Aside from the dictatorial power structure, the illegal funding practices and the dysfunctional educational theories, what truly bothers most parents, teachers and administrators are Mr. Bersin's frequent misrepresentations. Mr. Bersin assured worried parents and teachers that GATE/Seminar, Special Education and elementary instrumental music programs "would not be affected by the Blueprint" and that their funding would "not be reduced as a result of the Blueprint." He promised that students who are achieving at or above grade level would have continued, full access to electives and that the students who would be spending additional time in Blueprint courses would also have access to electives. Despite pledging this, Mr. Bersin's plan will likely eliminate all high school electives within a few years. As of next year, wood shop and home economics will be gone.
Tom Felder (his name has been changed at his request out of fear of retribution) is an award-winning high school instructor who has worked within the district for over 25 years. His classroom is filled with dune buggy parts, engine blocks, electrical devices and an old motor cycle. Plastic trophies of various sizes decorate his shelves and certificates awarded for excellence in brakes, arc welding, gas welding and auto body line the counter tops. Within a year's time, though, the electives that garnered these awards and created today's mechanics, electricians, plumbers and carpenters, will be gone.
"Students learn in many, many ways. We will lose the majority of our students if we try to fit them into Mr. Bersin's `Harvard School of Thinking.' All kids should be given the opportunity to find their niche, and every kid should be given the chance to be successful," says Mr. Felder, who recounts numerous stories of children whom many labeled "slow" or "hopeless," but who found their strengths in his classes. "I feel that these kids are our future, and I am doing everything in my power to make these kids into the best they can be. I am telling you, Mr. Bersin's way is not the way to do this."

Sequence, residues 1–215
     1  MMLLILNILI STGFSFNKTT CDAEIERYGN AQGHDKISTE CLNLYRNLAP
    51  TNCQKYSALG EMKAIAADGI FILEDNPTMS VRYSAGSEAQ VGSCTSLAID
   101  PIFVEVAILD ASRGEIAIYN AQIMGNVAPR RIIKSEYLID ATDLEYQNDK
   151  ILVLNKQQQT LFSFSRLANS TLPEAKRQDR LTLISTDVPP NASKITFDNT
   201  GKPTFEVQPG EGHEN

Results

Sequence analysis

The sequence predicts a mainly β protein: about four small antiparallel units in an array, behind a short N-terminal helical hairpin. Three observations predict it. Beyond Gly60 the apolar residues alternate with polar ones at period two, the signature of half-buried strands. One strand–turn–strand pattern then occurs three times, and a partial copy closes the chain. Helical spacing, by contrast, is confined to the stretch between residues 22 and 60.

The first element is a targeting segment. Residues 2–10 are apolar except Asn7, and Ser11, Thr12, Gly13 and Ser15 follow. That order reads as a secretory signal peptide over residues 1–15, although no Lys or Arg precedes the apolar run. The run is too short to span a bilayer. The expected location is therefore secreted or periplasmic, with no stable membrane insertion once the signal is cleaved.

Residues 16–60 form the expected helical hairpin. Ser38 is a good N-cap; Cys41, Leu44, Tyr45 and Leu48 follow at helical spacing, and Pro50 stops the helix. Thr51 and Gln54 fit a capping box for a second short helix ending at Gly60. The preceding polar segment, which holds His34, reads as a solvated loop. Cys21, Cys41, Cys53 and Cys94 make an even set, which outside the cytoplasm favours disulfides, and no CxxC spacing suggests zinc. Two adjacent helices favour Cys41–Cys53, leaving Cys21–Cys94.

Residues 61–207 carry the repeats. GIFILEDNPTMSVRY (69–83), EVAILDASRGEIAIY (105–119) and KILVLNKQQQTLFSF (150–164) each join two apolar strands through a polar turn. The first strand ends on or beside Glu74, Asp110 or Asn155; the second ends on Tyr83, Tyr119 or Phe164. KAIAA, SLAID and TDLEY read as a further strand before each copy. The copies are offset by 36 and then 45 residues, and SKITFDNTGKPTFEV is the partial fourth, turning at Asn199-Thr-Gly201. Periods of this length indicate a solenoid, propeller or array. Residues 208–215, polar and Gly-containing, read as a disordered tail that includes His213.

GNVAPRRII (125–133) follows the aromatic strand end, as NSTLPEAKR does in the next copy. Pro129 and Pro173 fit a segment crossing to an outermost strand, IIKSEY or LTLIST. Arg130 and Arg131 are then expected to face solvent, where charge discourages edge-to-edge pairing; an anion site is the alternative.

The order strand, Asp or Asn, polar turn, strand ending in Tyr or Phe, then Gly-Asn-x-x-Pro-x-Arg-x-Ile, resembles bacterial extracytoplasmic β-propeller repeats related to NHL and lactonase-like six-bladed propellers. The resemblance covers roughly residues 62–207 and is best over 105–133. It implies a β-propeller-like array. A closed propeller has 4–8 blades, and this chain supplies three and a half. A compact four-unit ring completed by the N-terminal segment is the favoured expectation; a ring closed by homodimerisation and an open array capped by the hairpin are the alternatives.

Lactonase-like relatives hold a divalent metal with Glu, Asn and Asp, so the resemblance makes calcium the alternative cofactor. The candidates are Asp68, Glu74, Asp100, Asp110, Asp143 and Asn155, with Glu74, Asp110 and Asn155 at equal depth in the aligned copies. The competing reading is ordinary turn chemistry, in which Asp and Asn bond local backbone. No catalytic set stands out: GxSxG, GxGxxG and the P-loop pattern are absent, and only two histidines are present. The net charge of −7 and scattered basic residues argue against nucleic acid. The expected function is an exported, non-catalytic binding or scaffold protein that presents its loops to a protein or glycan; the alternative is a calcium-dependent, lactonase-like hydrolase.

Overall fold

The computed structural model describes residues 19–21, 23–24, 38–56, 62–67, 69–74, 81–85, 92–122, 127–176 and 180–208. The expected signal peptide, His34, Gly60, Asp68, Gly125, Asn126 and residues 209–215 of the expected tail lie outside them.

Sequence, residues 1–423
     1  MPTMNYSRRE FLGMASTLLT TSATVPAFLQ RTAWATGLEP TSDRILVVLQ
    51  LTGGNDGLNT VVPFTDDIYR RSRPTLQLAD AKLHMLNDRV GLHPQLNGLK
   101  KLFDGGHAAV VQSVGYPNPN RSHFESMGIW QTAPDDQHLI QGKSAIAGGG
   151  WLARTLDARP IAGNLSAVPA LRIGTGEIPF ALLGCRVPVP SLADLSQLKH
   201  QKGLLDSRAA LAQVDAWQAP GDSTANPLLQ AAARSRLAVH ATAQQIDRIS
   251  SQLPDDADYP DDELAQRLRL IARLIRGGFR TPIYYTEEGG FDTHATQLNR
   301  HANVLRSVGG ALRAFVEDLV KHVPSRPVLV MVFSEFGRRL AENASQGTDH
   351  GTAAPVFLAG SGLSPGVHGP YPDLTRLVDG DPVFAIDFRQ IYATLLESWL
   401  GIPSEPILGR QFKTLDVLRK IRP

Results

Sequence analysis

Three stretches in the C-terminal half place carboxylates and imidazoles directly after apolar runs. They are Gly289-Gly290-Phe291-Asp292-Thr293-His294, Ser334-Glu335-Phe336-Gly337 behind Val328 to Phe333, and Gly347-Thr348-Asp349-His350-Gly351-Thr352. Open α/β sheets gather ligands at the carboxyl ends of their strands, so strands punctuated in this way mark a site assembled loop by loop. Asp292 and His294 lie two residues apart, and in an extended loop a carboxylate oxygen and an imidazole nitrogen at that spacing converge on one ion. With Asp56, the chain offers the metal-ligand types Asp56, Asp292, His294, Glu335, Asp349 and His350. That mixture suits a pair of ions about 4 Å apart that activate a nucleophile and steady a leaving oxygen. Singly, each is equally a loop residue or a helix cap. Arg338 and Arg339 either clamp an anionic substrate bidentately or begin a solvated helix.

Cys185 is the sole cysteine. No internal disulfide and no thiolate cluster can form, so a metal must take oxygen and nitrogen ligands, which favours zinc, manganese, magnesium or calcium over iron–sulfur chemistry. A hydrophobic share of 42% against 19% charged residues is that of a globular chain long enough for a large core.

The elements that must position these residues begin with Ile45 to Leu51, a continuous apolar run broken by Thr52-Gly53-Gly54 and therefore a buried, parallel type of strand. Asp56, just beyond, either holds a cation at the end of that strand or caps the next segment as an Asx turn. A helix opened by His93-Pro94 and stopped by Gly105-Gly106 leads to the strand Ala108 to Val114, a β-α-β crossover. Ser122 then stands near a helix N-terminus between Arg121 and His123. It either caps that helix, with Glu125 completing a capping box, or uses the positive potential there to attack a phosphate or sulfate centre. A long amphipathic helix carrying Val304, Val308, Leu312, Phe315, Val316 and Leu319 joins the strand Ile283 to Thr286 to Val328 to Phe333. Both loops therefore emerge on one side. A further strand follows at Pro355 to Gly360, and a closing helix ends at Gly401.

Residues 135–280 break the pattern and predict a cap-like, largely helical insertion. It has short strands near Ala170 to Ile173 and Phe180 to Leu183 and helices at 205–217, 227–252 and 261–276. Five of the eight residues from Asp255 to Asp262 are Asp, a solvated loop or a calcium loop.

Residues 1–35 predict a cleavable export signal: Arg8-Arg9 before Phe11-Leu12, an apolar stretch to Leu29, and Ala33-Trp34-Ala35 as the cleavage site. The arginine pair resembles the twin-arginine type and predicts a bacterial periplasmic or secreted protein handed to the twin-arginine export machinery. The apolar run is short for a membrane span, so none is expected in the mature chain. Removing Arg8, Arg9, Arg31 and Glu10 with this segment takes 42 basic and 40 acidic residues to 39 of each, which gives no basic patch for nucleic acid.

Perhaps the most damning evidence against the Blueprint program is not what it is doing, or what it will do, but what it will not do. Although every elementary and middle school student is affected by Mr. Bersin's literacy program, many fear that irreparable damage could be done to those who are relegated to the three-hour literacy courses in high school. Eighth graders who perform "significantly below grade level" in reading comprehension on the Stanford Diagnostic Reading Test will enter into Mr. Bersin's Blueprint program in high school. Although other students would be taking English, world history, geometry, physical education and a foreign language, the low-performing students, the majority of whom are students who speak English as their second language, will be taking the three-hour, literacy-based "Genre Studies" classes, some type of mathematics and the Active Physics course. Despite assurances in district press releases, many informed parents and teachers claim that no plan is currently in place that will allow students the opportunity to "test out" of this specialized program.